Sunday, July 10, 2011

2010 - The Year Of The .380

The Bureau of Alcohol, Tobacco, Firearms and Explosives released their 2010 interim Annual Firearms Manufacturing and Export Report on Thursday of this past week. These summary statistics provide a clear view of the trends in the firearms industry over the past year and especially when compared to the prior year's report. The table below shows both the absolute and relative changes by category in firearms production in 2010 from the prior year.

Production of rifles in all calibers dropped by over 650,000 rifles or a drop of 28.4% when compared to the previous year. By contrast, total pistol production was up by 19.25% for a total of 2,227,871 pistols manufactured in 2010. Revolvers are in a separate category from pistols. Production for that category was flat with an insignificant drop from the prior year. Shotgun production was also flat with 1.2% drop in the number produced in 2010 as compared to 2009.

The production figures by manufacturer within each category are not yet available. Thus, I can't say for sure that the drop in rifle production is due to the bubble bursting for AR-15's but I think that is a reasonable supposition. With the fear of a new Assault Weapons Ban that began with the inauguration of Barack Obama fading, the market for "modern sporting rifles" or "sport utility rifles" is returning to normal.

Change in Firearms Production From 2009  to 2010


To .22
To. .22
To .25
To .32
To .32
To .357 Mag
To .380
To .38 Spec.
To 9mm
To .44 Mag
To .50
To .50
Total Pistol
Total Revolver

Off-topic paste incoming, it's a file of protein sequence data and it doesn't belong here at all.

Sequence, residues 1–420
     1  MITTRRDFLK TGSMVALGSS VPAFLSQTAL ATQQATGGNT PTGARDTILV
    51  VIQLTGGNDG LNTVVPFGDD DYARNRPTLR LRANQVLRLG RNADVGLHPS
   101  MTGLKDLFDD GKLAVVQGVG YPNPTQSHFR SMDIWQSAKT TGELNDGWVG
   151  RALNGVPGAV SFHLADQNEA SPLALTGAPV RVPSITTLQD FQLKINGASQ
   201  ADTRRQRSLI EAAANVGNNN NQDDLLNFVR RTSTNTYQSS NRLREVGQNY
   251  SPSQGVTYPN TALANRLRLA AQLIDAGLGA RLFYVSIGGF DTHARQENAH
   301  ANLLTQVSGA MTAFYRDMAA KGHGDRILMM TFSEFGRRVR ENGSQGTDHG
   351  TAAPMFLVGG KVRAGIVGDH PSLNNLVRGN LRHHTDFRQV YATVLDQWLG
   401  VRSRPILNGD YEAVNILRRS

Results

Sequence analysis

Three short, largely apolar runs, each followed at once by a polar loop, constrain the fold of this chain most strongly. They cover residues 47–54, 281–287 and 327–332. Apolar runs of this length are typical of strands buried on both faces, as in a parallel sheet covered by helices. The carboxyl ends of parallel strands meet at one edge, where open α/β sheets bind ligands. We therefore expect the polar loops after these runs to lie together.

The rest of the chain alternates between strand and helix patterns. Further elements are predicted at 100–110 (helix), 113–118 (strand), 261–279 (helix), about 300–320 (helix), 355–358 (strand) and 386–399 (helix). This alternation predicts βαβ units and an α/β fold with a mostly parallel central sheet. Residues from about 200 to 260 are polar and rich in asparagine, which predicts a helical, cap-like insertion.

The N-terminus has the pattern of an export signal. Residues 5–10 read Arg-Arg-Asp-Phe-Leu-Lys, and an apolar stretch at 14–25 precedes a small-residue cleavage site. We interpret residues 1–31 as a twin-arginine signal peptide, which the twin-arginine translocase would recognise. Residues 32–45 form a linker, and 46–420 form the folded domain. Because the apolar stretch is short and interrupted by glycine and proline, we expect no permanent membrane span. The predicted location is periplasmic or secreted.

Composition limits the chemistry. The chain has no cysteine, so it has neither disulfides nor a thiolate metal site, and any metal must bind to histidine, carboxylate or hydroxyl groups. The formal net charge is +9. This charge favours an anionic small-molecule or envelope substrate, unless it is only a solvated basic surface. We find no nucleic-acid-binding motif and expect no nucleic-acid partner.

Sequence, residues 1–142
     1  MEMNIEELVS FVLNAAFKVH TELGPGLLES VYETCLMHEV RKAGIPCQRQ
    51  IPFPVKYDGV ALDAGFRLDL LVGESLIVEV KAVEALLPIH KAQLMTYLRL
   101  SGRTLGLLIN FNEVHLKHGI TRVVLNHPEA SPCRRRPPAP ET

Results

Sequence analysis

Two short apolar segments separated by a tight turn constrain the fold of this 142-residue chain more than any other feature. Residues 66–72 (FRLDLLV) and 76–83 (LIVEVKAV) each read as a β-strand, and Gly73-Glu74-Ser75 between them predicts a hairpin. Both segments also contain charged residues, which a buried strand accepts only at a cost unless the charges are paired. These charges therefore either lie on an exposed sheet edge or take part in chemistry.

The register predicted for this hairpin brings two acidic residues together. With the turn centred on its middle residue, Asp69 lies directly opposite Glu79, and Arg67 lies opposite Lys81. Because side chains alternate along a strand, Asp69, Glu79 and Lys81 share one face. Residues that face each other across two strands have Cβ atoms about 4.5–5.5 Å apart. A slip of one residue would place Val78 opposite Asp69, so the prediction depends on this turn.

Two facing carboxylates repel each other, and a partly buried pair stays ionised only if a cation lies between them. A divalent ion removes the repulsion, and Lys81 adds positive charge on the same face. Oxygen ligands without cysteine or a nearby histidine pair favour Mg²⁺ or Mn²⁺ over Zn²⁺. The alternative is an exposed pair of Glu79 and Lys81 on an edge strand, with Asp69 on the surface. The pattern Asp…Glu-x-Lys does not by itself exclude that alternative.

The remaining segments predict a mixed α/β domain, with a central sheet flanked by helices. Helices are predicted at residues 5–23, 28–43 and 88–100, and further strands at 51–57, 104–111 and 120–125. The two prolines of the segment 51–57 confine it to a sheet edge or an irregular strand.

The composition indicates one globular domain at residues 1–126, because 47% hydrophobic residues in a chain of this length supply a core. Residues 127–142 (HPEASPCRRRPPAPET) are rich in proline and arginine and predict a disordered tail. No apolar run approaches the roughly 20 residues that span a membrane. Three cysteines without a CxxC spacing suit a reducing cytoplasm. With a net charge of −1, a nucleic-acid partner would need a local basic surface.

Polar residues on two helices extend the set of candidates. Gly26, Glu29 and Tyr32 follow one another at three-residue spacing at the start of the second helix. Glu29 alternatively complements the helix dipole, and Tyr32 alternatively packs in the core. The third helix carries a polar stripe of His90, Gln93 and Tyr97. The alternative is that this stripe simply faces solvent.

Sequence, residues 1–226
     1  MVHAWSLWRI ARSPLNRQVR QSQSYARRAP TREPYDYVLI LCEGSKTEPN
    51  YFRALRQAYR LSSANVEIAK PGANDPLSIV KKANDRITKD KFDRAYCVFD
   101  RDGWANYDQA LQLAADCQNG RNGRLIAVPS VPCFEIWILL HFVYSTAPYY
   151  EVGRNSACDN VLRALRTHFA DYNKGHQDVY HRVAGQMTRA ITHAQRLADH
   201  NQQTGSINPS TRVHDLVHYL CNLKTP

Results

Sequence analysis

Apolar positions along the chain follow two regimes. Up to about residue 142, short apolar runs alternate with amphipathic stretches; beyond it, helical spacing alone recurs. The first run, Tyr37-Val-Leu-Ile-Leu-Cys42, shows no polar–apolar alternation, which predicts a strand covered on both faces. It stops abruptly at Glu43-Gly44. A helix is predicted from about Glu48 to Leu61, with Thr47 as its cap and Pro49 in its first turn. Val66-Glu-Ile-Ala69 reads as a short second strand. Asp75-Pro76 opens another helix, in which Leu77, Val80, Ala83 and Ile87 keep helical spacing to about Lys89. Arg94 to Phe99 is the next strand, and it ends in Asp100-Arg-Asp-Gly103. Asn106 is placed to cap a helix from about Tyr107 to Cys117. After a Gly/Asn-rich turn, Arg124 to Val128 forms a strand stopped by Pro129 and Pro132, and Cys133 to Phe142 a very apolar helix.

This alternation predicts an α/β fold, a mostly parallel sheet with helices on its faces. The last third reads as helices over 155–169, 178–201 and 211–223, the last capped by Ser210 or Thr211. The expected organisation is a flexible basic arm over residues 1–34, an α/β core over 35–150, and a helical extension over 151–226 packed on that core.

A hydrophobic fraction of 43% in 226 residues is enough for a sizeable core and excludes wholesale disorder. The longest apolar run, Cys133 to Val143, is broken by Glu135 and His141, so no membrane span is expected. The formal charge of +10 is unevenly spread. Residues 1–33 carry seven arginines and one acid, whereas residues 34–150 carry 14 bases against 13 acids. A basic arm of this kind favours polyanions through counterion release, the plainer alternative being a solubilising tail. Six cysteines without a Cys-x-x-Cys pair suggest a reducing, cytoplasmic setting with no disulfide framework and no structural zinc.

Total Rifles

Total Shotguns

While the market for rifles has dropped, the same can't be said about pistols. That market had an over 19.25% growth in production in 2010. If 2009 was the Year of the AR, then 2010 was the Year of the .380. Production in that category of pistol grew by 70.2% or 274,613 units. The growth in the production of .380 pistols accounted for three-quarters of the total growth for pistols in 2010. If one listened to the stories from last year, you knew that .380 ammo was hard to find. These production figures, while not sales figures, definitely point to the increase in demand for these small pistols.

9mm pistol production also grew in 2010 while the larger pistol calibers - .40 S&W and .45 ACP - contracted just a bit. I imagine that the 2011 numbers will show a growth in that category with 2011 being the centennial year of the Browning-designed 1911.

I think a strong argument can be made that the growth in .380 pistols has come from the concealed carry movement. The Ruger LCP, the Kahr P380, the Sig P238, and the Kel-Tec P-3AT are all easily concealed and have been readily adopted by those who want a small pistol that fits in the pocket. It will be interesting to see the complete production numbers by manufacturer when they are released by BATFE.

In conclusion, while 2010 was a down year for the firearms market overall - 5,107,309 units in 2010 versus 5,417,003 units in 2009 - certain segments grew very strongly. While the Violence Policy Center and other gun prohibitionists will try to spin this as a negative overall for the firearms industry, it really isn't. It merely illustrates that firearms production has peaks and valleys in demand by segment just like any other industry. I think most industries in America would have been very happy to only have had a 5.7% drop in production for 2010 when compared to the prior year.


  1. I figure the drop in rifle production is due to all the ones that went unsold in 2009.

  2. In conclusion, while 2010 was a down year for the firearms market overall - 5,10730 units in 2010 versus 5,417,003 units in 2009 - certain segments grew very strongly.

    A longer view paints an even rosier picture for the life and liberty preserver industry--2010's total of 5,107,309 (I think there's a typo in your "5,10730" figure--a missing 9 at the end?), while down 5.7% from 2009, is an almost 21.7% increase over 2008's total of 4,196,873.

  3. @Chris: You could well be right.

    @Kurt: Thanks for catching the typo. I've fixed it.

    Thanks for posting the link to 2008 data. Checking it against the 2010 data, pistol production is up in virtually all categories from 2008 to 2010.